By: Diane Stirling
(315) 443-8975

Today’s information field practitioners are early adopters in bridging the world’s social, cultural, economic and technological divides, and their people-oriented, technology-led approaches to authentic communication and meaningful collaboration can increase public good efforts with lasting social impacts, according to Syracuse University Chancellor Nancy Cantor.

The Chancellor presented a keynote address, “Scholarship in Action and the Connected Community,” at the 2013 iSchools Annual Conference last week. Her talk was enthusiastically received by the audience of students, faculty members and information business partners there, according to Syracuse University School of Information Studies Dean Elizabeth D. Liddy.

Chancellor Cantor “garnered tremendous respect for Syracuse, and inspired other iSchools and universities to adopt a ‘Scholarship in Action’ approach,” Dean Liddy noted.  

Cantor’s address highlighted how several “public good” initiatives at Syracuse have connected the people of the University with many sectors of the community’s citizenry in collective, collaborative ways that have produced prospering civic initiatives. These have included iSchool projects such as the Little Free Libraries book-borrowing program, and IT Girls, a program that introduces young women to the potential of careers in the science, technology, engineering and math.

She described the information field as a natural space for intertwining academia with community, and as a place where new models of cooperation are taking shape in “inclusive, innovation ecosystem” environments. Online collaboratories and Big Data and Big Science projects all employ technologies with the potential to help us move beyond the passive transmission of ideas and, instead, facilitate authentic communication and meaningful collaboration on an unprecedented scale,” Cantor said. “And yet, it also is crystal clear that you in the iSchool movement get that the success or failure to realize that potential lies not so much in the technology as in the people who use it, and that getting people to genuinely collaborate across boundaries can be very hard work.”

Cantor said she shares with the iSchool audience “the DNA of activism that characterizes iSchool faculty, staff, students and professionals.” She said those in the iField are “big thinkers” who are “not intimidated by big challenges, whether that means taking on entrenched ways of thinking, entrenched disciplinary boundaries, or entrenched academic, professional, or government bureaucracies.”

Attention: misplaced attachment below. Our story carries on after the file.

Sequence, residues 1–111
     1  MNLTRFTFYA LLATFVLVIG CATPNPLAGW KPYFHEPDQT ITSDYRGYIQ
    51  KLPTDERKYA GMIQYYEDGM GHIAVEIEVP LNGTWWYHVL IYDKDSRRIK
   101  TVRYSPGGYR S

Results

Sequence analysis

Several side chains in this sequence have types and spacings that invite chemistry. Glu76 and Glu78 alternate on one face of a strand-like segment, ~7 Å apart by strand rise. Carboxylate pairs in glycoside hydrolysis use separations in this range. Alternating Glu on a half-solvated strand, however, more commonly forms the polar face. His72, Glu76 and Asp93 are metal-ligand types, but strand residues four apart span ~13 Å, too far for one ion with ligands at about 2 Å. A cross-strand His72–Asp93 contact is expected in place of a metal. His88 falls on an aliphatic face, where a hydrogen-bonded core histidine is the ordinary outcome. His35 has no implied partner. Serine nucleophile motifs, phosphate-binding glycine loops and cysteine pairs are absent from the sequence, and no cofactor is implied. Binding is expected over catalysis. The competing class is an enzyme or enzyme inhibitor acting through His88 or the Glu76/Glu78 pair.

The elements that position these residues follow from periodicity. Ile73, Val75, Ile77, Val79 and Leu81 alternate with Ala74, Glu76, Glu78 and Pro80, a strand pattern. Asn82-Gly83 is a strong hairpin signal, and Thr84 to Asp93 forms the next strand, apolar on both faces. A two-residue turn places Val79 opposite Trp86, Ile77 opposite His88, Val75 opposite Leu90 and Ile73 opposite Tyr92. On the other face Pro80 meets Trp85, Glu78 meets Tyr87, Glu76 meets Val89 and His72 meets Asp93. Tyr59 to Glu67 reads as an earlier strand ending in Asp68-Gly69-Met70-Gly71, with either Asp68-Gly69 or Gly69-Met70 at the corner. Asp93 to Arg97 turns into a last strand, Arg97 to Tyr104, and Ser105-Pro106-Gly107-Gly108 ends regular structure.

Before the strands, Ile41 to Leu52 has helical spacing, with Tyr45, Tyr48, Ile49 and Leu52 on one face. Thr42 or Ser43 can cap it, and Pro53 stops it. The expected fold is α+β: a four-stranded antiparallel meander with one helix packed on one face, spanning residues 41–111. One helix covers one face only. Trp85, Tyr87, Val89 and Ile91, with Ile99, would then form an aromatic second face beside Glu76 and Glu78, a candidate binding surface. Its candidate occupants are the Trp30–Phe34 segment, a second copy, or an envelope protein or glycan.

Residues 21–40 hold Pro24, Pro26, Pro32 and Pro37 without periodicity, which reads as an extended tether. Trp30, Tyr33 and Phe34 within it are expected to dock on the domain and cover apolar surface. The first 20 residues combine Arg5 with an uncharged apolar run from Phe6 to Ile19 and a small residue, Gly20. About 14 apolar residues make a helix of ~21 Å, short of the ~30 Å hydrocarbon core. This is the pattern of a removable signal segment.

Given that perspective, information field professionals are perfect candidates for forming the types of collaborations needed to address many of the world’s complex problems, the chancellor noted. Despite the explosion in the storage and transmission of data in the Information Age, however, society’s issues “seem only to be growing in breadth and intensity,” evading simple solutions, she said. Within that scenario, she posed, “We can’t help but wonder: What good is all of this information doing us? Or perhaps more appropriately, What good are we making of it?”   

Higher education has “a central role to play in taking on the challenges of the world,” however, and the iSchool movement, together with higher education, has great capacities for problem-solving, Cantor said. That effort involves a model where universities that attempt to do public work tap into and engage “the civic agency, talents, and capacities of everyone, inside and outside the academy.”  

Since society’s big issues “are rooted in entrenched ways of thinking and doing things,” efforts to address them will require both “sweeping change” and “a movement on a global scale” that is “defined by nuance, place-based movements in many locales with different landscapes, norms and practice.” That is a job that “sounds like a mobilization effort ripe for the likes of talented iSchoolers,” the chancellor said. That is because the information field “can help bring people together in deep ways that mobilize active and collective problem-solving.” Such efforts will require a collaborative and collective model well beyond the customary one, using “a diverse set of ‘experts’ from across many sectors, inside and especially outside the academy, together, on the ground connected via i-technology, but in ways that fully utilize the full range of different voices, facing down the differences, in a group process that maximizes the quality of the problem solving,” Cantor added.  

The Chancellor concluded by saying that putting scholarship into action is something best done by recognizing common causes, forging strong ties across differences, and striding forward together…”as the great leaders of the most powerful social  movements throughout history have shown us it must be done.” 

Dean Liddy, who is chair of the iCaucus organization, noted that the Syracuse University-Near Westside neighborhood projects cited in Cantor’s talk “inspired several other iSchools and universities present to adopt the ‘Scholarship in Action’ theme for themselves.”

The iCaucus is composed of 39 information schools across the United States and around the world. Also presenting keynote addresses at the conference were V. Lane Rawlins, president, University of North Texas; and Ruth West, associate professor, University of North Texas. 

Chancellor Cantor's iConference address can be downloaded as a PDF.